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THE EXORCISM

What You Need To Know:

THE EXORCISM stars Russell Crowe as Tony, a widowed middle-aged actor recovering from substance abuse problems. Tony’s hired to replace the dead actor who was playing the main priest in an exorcism movie. However, Tony begins to exhibit troubled behavior, acting strangely and sleepwalking. His teenage daughter wonders whether her father is relapsing or something sinister or even demonic is happening. The movie shows viewers that it’s demonic, but the characters are unsure.

THE EXORCISM features a solid cast of veterans and talented newcomers. They deliver some scares and interesting conflict. THE EXORCISM has a somewhat happy ending where Christian sacrifice and actions win the day. However, the movie has some confusing scenes. It also has a mixed theological view about how to overcome demonic activity. For example, the characters rely too much on angels and saints to overcome the demon rather than going directly to Jesus. THE EXORCISM is also rated R. It has many “f” words, several strong profanities, some extreme bloody violence, and a politically correct lesbian subplot involving the actor’s daughter. So, THE EXORCISM is unacceptable and excessive.

Content:

(PaPa, OO, CC, BB, FRFR, PCPC, HoHo, LLL, VVV, SS, AA, DD, M):

Dominant Worldview and Other Worldview Content/Elements:
Mixed pagan worldview in a story about overcoming demonic activity with Christian sacrifice and actions eventually win the day, and circumstances enable a father to protect his daughter, but the characters rely too much on angels and saints to intercede for them rather than focusing mostly on Jesus and going to him (a Christian cross is used, however), and there’s a politically correct homosexual subplot where the teenage daughter kisses a female teenager and is upset that the principal at her Catholic boarding school fired the school’s lesbian counselor;

Foul Language:
About 49 obscenities (including about 41 “f” words), five profane references to Jesus, one GD profanity, and two light profanities;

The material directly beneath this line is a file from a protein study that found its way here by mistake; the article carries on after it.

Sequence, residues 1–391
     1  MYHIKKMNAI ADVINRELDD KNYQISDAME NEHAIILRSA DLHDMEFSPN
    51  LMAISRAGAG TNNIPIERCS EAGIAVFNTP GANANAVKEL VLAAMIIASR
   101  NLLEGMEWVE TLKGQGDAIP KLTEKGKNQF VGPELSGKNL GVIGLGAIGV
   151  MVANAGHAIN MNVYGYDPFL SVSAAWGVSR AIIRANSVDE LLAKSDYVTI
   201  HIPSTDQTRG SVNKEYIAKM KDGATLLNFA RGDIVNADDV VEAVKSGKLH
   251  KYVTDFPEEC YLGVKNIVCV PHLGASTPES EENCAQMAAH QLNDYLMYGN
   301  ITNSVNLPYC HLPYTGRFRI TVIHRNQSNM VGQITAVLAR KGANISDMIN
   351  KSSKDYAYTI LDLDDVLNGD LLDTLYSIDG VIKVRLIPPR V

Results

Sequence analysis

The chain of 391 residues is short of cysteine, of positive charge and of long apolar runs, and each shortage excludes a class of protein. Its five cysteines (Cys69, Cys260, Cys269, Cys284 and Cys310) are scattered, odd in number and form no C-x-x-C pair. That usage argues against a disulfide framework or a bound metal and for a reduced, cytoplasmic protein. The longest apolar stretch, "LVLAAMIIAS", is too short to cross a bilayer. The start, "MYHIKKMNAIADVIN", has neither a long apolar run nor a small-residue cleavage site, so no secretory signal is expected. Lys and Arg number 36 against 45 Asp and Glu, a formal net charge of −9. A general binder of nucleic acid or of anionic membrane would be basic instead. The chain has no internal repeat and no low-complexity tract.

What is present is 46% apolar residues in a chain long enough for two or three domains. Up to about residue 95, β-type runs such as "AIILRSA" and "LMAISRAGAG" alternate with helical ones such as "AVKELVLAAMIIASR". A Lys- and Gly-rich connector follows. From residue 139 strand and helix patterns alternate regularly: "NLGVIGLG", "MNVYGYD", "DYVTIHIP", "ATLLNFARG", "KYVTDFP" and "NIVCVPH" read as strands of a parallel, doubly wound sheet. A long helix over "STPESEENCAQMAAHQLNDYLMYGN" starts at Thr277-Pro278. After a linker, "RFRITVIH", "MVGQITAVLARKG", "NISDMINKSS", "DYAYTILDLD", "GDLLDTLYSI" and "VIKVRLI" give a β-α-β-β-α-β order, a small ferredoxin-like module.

Violence:
Some very strong (with blood) and strong scary violence includes demon is behind the death of a man whose left eye and face are unexpectedly pierced from flying mirror glass, demonically possessed man bangs his head against table and wall, teenage actress has makeup on her face showing red cuts and slashes, lights unexpectedly pop, invisible demon uses telekinetic power to move a Bible across a floor, daughter scares her sleepwalking father out of his trance, daughter walks downstairs in darkened hallway in apartment building to find her sleepwalking father in the darkness acting strangely in a spooky manner, man’s ears are assaulted by a loud screeching noise, and something invisible attacks his throat;

Sex:
Two teenage girls kiss several times while lying down on a made bed, and there’s a positive verbal reference to another lesbian relationship;

Nudity:
No nudity;

Alcohol Use:
Alcohol use and man is recovering from an alcohol and drug problem but begins using again while being possessed by a demon;

Smoking and/or Drug Use and Abuse:
Smoking and two teenagers smoke marijuana in one scene, plus man is recovering from an alcohol and drug problem but begins using again while being possessed by a demon; and,

Miscellaneous Immorality:
A line of dialogue refers to an act of vandalism, which is rebuked in the line, and father-daughter are estranged but this is eventually overcome.

More Detail: